Tim Steller: VA backlog keeps wounded Tucson vet from getting the surgery he needs

2013-05-17T00:00:00Z Tim Steller: VA backlog keeps wounded Tucson vet from getting the surgery he needsTim Steller Arizona Daily Star Arizona Daily Star
May 17, 2013 12:00 am  • 

At 26, Reno Roethle is going through a time of life when people make big decisions - about careers, lovers, moves.

But he's got a big obstacle.

His surgically repaired lip, damaged in 2007 by a blast in Sadr City, Baghdad, doesn't look or work quite right. Half of his lower lip is white, due to skin grafts used to repair it, and it's flat so sometimes he drools.

It's not exactly the look a handsome, 20-something bachelor seeks. After first giving me permission to take his photo, he changed his mind.

"I do feel awkward a lot of times, pretty much everywhere I go," he told me at a Tucson coffee shop where we met Thursday.

This would be his ninth - and hopefully last - surgery to repair the damage caused by shrapnel slamming through his left jaw as he drove an Army Humvee through the Baghdad slum.

"I'm tired of it. I just want to have this last stuff done and be on my way," he said.

But first he must clear that big obstacle, the same one thousands of veterans are facing: delays at the Veterans Affairs medical centers. It's an issue nationwide, as warriors return from today's conflicts in the Middle East and Vietnam-era veterans grow old.

On Wednesday, the Department of Veterans Affairs ordered that claims processors work overtime hours to reduce the backlog in disability claims. Last month, U.S. Rep. Ann Kirkpatrick, a Flagstaff Democrat who also represents Marana and Pinal County, introduced a bill that would make the Defense Department transfer service members' records to the VA in electronic form, in order to speed their approval.

As of the end of March, the VA had 885,068 claims pending, of which 69 percent were more than 125 days old - the threshold at which they're considered backlogged.

In Roethle's case, he has already qualified for disability and is living on the payments. His problem is that he's requested to have the surgery performed by a non-VA surgeon. A California group called Rebuilding America's Warriors has arranged for a specialist in facial plastic surgery, Dr. Salvatore Lettieri in Phoenix, to perform the surgery, but Roethle first needs the OK from his VA physician in Tucson.

About a month after his doctor was presented with the request, he still has no answer.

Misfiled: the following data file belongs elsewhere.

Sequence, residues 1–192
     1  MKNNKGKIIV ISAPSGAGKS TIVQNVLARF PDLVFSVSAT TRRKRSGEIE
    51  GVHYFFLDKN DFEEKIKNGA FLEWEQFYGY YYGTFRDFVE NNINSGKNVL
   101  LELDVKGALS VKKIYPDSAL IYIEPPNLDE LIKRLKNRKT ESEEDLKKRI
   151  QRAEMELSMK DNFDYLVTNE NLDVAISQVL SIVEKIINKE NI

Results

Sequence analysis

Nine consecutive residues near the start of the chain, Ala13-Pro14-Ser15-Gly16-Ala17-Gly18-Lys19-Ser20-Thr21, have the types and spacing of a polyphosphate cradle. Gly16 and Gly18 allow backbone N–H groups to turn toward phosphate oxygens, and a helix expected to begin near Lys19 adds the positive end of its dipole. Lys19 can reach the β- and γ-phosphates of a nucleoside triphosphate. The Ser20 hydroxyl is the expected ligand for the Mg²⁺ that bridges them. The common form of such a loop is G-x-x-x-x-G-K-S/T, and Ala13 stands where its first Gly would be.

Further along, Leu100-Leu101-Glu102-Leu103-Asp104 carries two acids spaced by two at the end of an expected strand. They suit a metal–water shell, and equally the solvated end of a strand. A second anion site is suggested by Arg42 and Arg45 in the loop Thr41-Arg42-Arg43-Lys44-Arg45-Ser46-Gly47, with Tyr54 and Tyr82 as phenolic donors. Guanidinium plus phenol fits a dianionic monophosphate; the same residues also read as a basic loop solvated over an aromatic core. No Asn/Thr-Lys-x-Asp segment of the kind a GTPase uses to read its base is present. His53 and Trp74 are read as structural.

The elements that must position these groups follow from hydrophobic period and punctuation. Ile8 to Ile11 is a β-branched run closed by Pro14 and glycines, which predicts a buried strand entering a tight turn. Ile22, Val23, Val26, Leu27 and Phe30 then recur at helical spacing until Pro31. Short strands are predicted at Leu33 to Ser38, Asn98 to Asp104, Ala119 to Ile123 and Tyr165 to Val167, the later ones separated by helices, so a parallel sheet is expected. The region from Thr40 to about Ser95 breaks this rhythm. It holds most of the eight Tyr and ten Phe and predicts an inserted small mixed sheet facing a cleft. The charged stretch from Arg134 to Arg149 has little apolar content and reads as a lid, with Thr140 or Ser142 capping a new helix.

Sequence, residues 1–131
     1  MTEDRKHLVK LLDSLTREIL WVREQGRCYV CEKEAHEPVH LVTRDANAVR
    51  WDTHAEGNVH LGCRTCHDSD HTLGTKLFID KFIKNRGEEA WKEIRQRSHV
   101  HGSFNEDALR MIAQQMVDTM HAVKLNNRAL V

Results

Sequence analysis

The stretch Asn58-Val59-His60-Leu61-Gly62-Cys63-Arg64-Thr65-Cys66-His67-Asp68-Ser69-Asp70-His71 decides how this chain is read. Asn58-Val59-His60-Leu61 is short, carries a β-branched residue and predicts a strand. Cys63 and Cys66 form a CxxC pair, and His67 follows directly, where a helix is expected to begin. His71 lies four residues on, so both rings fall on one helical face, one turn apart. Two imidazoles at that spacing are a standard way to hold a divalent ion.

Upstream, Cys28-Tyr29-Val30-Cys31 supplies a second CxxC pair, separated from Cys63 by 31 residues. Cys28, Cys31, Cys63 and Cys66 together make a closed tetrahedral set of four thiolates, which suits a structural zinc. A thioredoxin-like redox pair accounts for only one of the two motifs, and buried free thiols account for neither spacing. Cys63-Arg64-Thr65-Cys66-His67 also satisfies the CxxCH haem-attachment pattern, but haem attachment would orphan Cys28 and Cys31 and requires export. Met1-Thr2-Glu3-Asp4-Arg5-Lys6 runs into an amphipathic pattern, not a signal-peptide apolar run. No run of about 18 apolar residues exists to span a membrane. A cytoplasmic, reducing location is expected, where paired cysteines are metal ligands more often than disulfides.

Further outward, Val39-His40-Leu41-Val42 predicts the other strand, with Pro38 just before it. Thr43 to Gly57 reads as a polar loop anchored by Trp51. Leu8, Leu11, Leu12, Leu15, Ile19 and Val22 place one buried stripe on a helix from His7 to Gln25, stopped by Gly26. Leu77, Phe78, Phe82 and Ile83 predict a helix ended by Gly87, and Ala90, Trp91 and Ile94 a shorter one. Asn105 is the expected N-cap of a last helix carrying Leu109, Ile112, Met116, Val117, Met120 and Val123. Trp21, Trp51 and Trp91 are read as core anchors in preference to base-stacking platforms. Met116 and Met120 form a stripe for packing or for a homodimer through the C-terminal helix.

Roethle, who grew up in Glenwood in eastern New Mexico but moved here in 2010, says he wants Lettieri to do the surgery for two main reasons: It takes so long to get a VA surgeon to do the procedure, and even then it's unlikely the person assigned would be a specialist in maxilofacial surgery. Maggie Lockridge, who founded Rebuilding America's Warriors, said she sought out Lettieri because he's one of the best.

The surgeon would take tissue from inside Roethle's mouth and build up the flat, white part of his lower lip, Roethle said.

"When it's something they recommend or they want done, they're all about it," Roethle said of his VA doctors. "But when it's something I want done, they delay."

By email, a VA spokesman in Washington, D.C., said this of cases like Roethle's:

"The local VA medical facility has criteria to determine whether non-VA care may be used. If a veteran is eligible for certain medical care, the VA hospital or clinic should provide it as the first option. If they can't - due to a lack of available specialists or extraordinary distances from the veteran's home - the VA may consider non-VA care in the veteran's community. Non-VA care is not an entitlement program or a permanent treatment option."

Tucson's Southern Arizona VA Healthcare System is considered one of the better ones. Today, the local VA is receiving a "performance excellence" award, just the latest of several honors it has received.

Roethle acknowledges he hasn't always been the best patient. During his three years at Walter Reed Medical Center in Maryland, he missed appointments sometimes. Now he's a bit lax about accepting VA treatment for his post-traumatic stress disorder, which also keeps him from moving forward.

"There's visible scars, but my mind also is scarred in a way that makes stuff difficult," he said quietly.

When a veteran like Roethle works up the courage to ask the VA to help him move forward, the VA ought to leap to it. If removing one obstacle only gives him the chance to confront the next one, so be it.

Contact columnist Tim Steller at tsteller@azstarnet.com or 807-8427. On Twitter: @senyorreporter

Copyright 2014 Arizona Daily Star. All rights reserved. This material may not be published, broadcast, rewritten or redistributed.

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